Ask; persuade; refer – three words that can make a difference if you think that someone you know may be suicidal. Known as the APR approach, according to suicide prevention and bereavement charity, Pieta, it can help us help a loved one or friend who is in crisis.

Today, on World Suicide Prevention Day (WSPD), we want to share the APR approach with you as it ties in well with the theme of this year’s WSPD, which is, Creating Hope Through Action.

World Suicide Prevention Day is a global public-health day for raising awareness and understanding about suicide prevention, and mobilising local and international support for action.

Since the outbreak of the Covid-19 pandemic 18 months ago, the stresses and strains of life became more and more challenging as lockdowns and restrictions curtailed life as we knew it.

Our mental health has suffered, and Pieta reported increased calls to and demand on its service as a result.

In 2020, the service delivered over 52,000 hours of intervention and bereavement counselling; its crisis helpline service was open 24 hours a day and received over 70,000 texts and calls from people all across Ireland; and more than 600 households were supported after the death of a loved one by suicide.

According to the charity, “most people who talk about suicide do not want to die, they simply want to stop the pain they feel”.

If you know someone who may be struggling, then the APR approach can help.

Here is what Pieta advises.


If the person is opening up to you, engage them in a non-judgemental manner with empathy and don’t be afraid to ask them directly if they are struggling with thoughts of suicide or self-harming behaviour.

  • Ask them directly: “Are you thinking about suicide or wanting to kill yourself?”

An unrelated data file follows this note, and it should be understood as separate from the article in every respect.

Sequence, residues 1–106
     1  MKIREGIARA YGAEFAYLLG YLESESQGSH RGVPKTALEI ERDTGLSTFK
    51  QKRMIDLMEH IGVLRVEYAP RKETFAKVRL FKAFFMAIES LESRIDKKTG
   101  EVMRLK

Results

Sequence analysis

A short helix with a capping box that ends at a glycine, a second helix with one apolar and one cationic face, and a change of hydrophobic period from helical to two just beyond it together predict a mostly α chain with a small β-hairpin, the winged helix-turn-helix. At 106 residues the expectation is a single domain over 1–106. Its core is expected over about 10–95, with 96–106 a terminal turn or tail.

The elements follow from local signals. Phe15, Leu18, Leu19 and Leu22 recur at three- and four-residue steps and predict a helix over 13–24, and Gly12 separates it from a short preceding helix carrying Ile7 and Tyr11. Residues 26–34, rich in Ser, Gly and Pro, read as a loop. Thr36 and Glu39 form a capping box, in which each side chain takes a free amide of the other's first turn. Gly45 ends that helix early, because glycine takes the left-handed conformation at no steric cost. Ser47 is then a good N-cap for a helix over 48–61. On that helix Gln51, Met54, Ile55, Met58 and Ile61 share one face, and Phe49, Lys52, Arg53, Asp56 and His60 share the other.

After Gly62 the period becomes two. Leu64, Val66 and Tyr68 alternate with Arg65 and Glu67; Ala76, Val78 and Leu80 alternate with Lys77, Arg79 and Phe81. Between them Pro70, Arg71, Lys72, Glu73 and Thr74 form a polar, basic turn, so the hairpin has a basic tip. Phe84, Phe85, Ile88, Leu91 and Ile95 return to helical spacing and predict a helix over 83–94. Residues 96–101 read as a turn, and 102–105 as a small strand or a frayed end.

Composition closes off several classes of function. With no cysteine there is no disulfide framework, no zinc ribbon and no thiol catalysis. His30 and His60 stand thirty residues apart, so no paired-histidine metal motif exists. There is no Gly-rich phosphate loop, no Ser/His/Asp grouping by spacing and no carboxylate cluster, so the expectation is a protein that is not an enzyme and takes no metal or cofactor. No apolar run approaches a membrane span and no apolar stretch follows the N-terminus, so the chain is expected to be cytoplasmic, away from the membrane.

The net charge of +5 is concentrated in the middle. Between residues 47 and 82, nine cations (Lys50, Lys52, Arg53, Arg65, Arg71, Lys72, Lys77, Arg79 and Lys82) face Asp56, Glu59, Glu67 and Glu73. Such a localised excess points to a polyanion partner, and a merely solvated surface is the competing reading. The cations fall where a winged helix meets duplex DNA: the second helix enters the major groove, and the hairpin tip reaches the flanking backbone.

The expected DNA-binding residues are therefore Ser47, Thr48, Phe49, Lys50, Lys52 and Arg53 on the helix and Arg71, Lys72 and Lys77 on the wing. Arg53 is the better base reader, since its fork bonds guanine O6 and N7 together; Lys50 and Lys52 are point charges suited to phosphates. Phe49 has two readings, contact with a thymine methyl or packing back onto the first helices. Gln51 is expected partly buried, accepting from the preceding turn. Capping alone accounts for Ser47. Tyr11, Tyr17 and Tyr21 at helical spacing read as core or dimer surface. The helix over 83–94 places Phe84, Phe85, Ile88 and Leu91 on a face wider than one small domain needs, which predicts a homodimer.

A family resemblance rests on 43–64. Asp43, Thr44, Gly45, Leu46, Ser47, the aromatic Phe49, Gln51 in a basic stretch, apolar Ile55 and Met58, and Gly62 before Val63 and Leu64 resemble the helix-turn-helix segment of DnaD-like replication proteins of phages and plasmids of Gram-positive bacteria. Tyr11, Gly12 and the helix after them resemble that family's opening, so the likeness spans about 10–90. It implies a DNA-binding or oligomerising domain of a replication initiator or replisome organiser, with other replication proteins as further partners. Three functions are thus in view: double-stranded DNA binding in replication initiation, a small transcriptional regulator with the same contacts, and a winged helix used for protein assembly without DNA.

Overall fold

• Don’t ask: “Do you want to hurt yourself?” Self-harming is not the same as suicide;
  • Don’t be afraid. It’s understandable that you might be worried that mentioning suicide to someone you love who is in distress could encourage the idea. But that is a myth. The reality is that talking to them openly and honestly is one of the best things you can do;
  • Listening is one of the most powerful tools we have.

Calmly and gently try to persuade the person to seek help or to allow you to assist them in getting help.

  • Do say: “Will you go with me to get help?” or “Will you let me assist you to get help?”
  • Or ask them to agree not to act on their suicidal thoughts until you’ve arranged help for them. If you can’t persuade them to seek help in person straight away, remember that Pieta’s crisis helpline is open 24 hours a day.

As quickly as you can, refer or guide the person you are concerned about to Pieta, or your doctor, or local mental health service.

  • If you can, make the call with them or travel with them to the appointment.

Thoughts of suicide – warning signs

If you are concerned about a friend or family member who may be in distress, there are warning signs to watch out for.

According to Pieta, here are some of the key signs:

What to listen for
  • Talking or writing about hurting themselves, dying or saying that they want to die;
  • Talking about ways to die or having a suicide plan;
  • Saying that they are ‘trapped’ or have no options in their life;
  • Saying they have no purpose in their lives, that they feel hopeless.
What to look for
  • Engaging in self-harm or reckless, risk taking behaviour;
  • Giving items away or saying goodbye to people;
  • Becoming more inward looking and withdrawing from family and friends;
  • Changes in their sleep patterns – too much or too little sleep;
  • Extreme emotions or dramatic changes in mood;
  • Increasing their use of drugs or alcohol.
Useful contacts

Freefone 1800 247 247
Text HELP to 51444
Call 0818 111 126

Call 116 123
Email [email protected] (response time 24 hours)